Monday, October 31, 2005


I was in a grotty part of Manchester at the weekend and while stuck in traffic in an area which was teeming with people, I noticed a tall man wearing a black balaclava which had eyeholes only, and gave its wearer a very menacing appearance. The car in front of me was a small hatchback driven by a lone woman. Without warning, balaclava man strode to her car and tried the nearside door handle. Fortunately it was locked, and he returned to lounge in the bus shelter he had come from. I had locked my car as soon as I had realised what was going on,and the traffic cleared in a short while but the incident left my passengers shaken, and me thoughtful.

I acted defensively, just as most people would have done, but I went on to wonder what I would have done if balaclava man had got the car door open. My problem, in common with most men of my generation, is that I don't know how to fight. I could not have sat in my car and watched a lone woman being attacked, but how much use could I have been if I had intervened, as I would have done? My father's generation had a tough upbringing, as well as military training. They could all, more or less, look after themselves. I last had a fight at the age of fifteen and I would be easy meat for practically any hooligan.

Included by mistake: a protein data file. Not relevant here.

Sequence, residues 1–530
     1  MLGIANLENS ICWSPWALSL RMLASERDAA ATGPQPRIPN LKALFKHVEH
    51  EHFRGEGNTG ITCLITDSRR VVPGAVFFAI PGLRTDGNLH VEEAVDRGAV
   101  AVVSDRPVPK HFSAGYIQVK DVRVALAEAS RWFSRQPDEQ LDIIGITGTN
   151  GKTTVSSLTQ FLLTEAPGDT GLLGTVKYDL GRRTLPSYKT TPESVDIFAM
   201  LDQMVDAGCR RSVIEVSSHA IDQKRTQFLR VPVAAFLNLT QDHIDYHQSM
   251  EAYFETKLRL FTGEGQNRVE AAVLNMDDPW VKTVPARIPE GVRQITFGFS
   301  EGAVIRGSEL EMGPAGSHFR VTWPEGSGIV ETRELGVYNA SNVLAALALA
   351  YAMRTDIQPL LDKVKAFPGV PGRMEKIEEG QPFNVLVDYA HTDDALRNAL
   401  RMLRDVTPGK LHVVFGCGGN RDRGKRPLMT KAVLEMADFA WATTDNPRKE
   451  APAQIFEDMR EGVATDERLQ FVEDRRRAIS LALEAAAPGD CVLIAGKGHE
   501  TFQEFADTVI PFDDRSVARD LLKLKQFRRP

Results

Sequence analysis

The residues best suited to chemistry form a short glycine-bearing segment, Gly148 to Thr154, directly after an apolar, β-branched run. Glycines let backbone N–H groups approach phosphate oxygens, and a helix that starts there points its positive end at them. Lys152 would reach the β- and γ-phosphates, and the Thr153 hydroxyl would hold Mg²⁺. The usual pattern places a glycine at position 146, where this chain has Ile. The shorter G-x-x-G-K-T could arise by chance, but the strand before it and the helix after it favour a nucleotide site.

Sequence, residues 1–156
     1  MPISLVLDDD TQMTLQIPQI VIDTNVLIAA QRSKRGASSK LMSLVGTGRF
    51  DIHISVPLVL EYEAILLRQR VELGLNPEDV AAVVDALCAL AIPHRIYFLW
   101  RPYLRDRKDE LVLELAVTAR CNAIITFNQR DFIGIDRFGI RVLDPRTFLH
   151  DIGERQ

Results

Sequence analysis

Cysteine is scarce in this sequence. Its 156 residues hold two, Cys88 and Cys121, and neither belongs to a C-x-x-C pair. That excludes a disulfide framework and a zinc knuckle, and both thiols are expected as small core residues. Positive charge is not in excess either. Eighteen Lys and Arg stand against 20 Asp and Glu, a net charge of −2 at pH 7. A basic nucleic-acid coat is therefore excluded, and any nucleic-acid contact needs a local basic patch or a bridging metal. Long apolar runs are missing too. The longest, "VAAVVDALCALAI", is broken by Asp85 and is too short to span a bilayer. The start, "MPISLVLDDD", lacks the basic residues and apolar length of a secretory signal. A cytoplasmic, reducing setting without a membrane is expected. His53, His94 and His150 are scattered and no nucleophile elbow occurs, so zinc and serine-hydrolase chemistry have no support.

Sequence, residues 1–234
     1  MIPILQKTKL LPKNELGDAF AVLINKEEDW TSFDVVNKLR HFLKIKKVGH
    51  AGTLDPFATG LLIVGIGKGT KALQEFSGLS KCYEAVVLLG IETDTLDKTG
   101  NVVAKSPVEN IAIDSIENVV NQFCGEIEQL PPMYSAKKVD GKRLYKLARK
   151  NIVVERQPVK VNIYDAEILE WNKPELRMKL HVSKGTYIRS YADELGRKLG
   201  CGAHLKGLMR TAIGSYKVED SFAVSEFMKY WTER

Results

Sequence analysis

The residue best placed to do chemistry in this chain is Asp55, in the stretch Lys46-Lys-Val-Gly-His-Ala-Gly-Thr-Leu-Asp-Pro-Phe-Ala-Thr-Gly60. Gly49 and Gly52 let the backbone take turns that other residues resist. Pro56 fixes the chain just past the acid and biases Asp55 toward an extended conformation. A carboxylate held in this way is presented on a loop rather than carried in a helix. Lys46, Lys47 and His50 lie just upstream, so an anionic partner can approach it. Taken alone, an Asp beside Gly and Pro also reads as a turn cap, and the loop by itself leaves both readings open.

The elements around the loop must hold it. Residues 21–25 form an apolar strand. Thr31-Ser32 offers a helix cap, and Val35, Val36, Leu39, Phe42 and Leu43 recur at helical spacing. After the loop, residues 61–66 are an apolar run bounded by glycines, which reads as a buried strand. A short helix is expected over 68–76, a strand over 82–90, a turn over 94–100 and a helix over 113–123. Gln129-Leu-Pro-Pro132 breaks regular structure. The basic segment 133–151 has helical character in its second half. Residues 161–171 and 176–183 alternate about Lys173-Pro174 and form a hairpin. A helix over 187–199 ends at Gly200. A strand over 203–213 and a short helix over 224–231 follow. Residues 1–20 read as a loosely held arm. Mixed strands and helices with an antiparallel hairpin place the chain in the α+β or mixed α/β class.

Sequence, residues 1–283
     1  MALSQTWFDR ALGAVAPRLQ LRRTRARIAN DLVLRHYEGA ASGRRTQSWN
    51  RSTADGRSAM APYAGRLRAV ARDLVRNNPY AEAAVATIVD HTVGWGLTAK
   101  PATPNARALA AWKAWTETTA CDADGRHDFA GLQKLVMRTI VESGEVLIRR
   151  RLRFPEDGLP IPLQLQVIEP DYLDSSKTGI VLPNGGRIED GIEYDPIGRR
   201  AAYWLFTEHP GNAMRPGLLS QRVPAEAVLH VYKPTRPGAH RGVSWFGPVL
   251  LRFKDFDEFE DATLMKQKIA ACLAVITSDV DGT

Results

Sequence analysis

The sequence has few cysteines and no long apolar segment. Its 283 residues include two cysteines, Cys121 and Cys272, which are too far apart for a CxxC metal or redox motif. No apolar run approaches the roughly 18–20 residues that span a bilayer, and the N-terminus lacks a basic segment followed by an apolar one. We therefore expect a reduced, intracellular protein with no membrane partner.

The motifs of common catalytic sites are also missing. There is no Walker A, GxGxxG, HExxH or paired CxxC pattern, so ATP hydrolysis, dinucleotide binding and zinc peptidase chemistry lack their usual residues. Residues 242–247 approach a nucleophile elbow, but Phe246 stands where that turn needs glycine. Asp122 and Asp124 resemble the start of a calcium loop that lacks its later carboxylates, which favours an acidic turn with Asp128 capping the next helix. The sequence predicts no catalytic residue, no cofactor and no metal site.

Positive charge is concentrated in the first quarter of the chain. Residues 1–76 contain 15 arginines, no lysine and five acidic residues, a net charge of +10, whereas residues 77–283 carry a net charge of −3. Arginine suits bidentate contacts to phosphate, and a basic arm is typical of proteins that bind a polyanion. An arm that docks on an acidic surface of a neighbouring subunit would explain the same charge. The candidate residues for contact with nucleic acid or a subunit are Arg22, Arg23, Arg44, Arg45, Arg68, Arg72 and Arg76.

That led me to contemplate the current media and political panic over hooligan-type behaviour, and it dawned on me that the basis of most people's concern is a feeling of impotence in the face of violence, or the threat of it. If an adult can approach a drunken hooligan with the confidence that he can if necessary restrain him then he is likely to do so. If not, he is likely to hang back.

Perhaps offering the populace training in basic self defence, of the kind that will keep you in one piece for the minute or two that it will take for help to arrive, would do more to deter the yobs than anything else.

I am not seriously suggesting a new Dad's Army, but it does seem to me that a defenceless population will always be preyed on by fit and predatory young men.


  1. Interesting post. I completely agree with your analysis.

    From Self defence expert!

    (Except for the fact that I would not intervene either because I would be too scared to get arrested myself. I would only intervene if there was no chance I would get apprehended by the police.... in London with CCTV's everywhere, that is not going to be the case)

  2. Would have to agree, the fear of being arrested whilst it is being investigated or counter allegations from the original assailant and having that hang over you for what seems like an eternity whilst possibly being named in the media er nothanks. Thats not including any harm you might suffer during the situation


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